• Nati Huberman

Temple Activists Rejoice Over Ayodhya Decision in India

On 6 December 1992 the Babri Masjid Mosque was destroyed in a political rally in Ayodhya, India. Since then the case has been steadily passing through the Indian court system. The court proceedings focused on the Hindu origins of the site against the Islamic Mosque destroyed in the rally. According to the Hindu faith, the god Rama was born at this location and so it is a very important pilgrimage place in addition to the Hindu temple that they claim existed at the site prior to the building of the mosque in 1528.

On 9 November 2019 the Supreme Court determined that the Islamic organisations headed by the UP Central Sunni Wakf Board could not prove religious exclusivity of the holy site and that Hindus had consistent religious connection to the site. The Supreme Court relied on archaeological evidence of a Hindu temple that predated the mosque that was unearthed in 2003 at the request of the court.

The Babri Masjid Mosque. It has been highly disputed since 1992. It will be dismantled and rebuilt in another part of the city by court order in order to allow use of the site to Hindus who have used the site for longer.

The court ruled that the entire area of the mosque be transferred to custodianship of the Hindu groups to build a new temple to Rama. Additionally, they ruled that the initial destruction of the mosque in 1992 was itself illegal and so ruled that the Babri Masjid Mosque be relocated and rebuilt in another plot of land given to the Muslim groups.

Eran Zedekiahu and Shimon Lev of The Forum for Regional Thinking have written that there are potentially powerful precedents set in this case to international law relevant in Al-Aksa Mosque. They argue that the parallels between the two situations point to a new legal precedent of removing religious sites built on top of older sites. I will call attention to the fact that historically across the world conquering nations would build new religious sites on top of older ones - a reality that was largely taken for granted in modern states as legal status quo.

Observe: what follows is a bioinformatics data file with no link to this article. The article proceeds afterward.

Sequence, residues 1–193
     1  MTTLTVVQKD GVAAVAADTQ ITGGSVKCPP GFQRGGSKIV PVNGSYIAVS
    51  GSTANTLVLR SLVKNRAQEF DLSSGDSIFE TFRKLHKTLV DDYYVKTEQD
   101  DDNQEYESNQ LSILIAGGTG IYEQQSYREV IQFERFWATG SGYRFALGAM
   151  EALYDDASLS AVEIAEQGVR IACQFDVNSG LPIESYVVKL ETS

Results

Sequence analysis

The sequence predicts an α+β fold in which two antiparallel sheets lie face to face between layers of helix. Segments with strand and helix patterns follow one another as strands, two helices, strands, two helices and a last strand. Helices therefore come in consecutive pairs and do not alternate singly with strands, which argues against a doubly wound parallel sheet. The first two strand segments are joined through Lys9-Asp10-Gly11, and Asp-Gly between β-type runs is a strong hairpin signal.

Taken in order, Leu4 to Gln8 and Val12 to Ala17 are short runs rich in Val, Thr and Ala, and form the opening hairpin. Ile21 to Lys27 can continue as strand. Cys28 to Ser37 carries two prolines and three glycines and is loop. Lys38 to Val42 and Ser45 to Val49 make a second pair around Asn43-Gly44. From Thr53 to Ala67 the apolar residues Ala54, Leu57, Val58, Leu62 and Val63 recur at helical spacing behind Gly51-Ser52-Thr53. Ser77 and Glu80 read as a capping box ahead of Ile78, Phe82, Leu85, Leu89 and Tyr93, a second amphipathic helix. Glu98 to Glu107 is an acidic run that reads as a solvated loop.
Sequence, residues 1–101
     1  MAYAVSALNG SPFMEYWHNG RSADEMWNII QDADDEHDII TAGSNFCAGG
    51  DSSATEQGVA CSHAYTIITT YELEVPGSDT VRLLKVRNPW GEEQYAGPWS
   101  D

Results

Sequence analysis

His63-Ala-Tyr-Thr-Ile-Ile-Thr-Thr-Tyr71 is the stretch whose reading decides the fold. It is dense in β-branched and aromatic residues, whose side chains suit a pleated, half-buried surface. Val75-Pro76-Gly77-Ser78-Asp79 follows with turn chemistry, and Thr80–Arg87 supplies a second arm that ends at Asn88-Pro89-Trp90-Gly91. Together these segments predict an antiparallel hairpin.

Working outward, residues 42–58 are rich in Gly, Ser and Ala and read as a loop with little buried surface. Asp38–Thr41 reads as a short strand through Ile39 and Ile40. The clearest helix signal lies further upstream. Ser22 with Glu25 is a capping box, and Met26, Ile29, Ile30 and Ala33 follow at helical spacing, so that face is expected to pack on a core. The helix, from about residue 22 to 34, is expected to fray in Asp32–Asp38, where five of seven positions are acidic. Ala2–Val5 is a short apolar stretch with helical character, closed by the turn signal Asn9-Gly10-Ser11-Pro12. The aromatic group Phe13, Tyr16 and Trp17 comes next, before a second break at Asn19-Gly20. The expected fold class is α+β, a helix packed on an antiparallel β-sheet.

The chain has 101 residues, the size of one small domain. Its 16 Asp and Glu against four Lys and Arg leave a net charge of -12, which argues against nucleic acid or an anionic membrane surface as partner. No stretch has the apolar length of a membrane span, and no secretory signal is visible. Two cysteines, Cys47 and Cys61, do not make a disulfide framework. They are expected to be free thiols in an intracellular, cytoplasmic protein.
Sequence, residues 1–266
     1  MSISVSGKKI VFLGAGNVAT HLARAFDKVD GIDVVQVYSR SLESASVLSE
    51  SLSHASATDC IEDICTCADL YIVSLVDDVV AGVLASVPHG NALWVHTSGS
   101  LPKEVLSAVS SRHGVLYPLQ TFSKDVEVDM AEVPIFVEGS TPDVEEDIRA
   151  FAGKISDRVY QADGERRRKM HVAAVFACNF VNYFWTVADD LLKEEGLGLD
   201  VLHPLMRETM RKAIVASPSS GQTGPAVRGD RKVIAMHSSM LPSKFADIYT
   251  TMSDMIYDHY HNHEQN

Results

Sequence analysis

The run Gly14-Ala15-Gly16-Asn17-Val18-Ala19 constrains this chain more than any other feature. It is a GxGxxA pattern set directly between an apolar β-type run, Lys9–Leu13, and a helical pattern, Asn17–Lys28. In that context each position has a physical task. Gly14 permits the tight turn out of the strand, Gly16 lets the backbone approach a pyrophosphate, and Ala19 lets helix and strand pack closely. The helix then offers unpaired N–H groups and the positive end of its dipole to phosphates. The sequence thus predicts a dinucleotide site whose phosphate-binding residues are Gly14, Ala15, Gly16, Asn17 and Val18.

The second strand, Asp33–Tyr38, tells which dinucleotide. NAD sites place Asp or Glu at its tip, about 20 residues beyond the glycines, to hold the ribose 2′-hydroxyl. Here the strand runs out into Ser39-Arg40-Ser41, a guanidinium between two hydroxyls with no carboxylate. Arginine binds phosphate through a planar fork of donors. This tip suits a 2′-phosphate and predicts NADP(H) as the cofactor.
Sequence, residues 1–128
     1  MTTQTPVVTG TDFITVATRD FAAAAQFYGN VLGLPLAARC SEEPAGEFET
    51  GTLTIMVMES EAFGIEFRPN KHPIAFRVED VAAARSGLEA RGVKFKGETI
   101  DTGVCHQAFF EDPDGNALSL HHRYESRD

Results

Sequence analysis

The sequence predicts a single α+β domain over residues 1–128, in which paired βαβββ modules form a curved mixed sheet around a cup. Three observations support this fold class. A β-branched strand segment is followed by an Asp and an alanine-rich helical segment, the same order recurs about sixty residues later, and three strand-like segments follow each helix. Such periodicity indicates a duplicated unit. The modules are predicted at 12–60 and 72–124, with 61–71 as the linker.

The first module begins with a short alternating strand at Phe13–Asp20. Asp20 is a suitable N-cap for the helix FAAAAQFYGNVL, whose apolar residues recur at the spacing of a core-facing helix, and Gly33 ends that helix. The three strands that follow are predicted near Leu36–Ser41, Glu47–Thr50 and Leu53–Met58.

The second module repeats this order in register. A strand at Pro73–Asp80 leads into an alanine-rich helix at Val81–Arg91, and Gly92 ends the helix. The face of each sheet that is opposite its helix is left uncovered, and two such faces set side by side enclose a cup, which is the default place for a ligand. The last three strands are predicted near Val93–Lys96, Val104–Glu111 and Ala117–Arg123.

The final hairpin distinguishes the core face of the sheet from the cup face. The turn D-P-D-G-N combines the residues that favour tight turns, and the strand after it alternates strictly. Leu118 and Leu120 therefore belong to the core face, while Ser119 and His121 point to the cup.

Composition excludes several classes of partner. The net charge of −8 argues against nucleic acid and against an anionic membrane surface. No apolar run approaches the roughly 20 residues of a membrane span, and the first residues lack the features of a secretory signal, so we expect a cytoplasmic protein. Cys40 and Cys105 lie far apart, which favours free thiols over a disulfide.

Zedekiahu and Lev write that India and Israel are both moving toward national-religious identities and policies. This tendency brings out tensions in both societies where the Jewish and Hindu majorities are met with a Muslim minority - especially in places that are seen to have national and religious importance for both the majority and minority. They warn of potential escalations due to the political and legal climate that this decision can create.

The Dome of the Rock is located on the location of the Jewish Temples, even according to Islam. Although the removal of Al-Aksa Mosque is not necessary to build a temple, relocating the Golden Dome would be.

The Temple activists in Jerusalem, however, are elated. The Joint Administration of the Temple Organizations has released an official statement saying, "The Supreme Court ruling in India has paved the way for us to build a Temple on the Temple Mount." Asaf Fried, the organization's spokesperson has stated, "We cannot allow the perpetual theft and robbery of the place of our temple and the building of a mosque on its ruins."

Whatever this new precedent leads to and how the Israeli court system will consider future cases in light of shifting international law is yet to be seen. For now, suffice it to say that the similarities are uncanny and even the activists sound similar.


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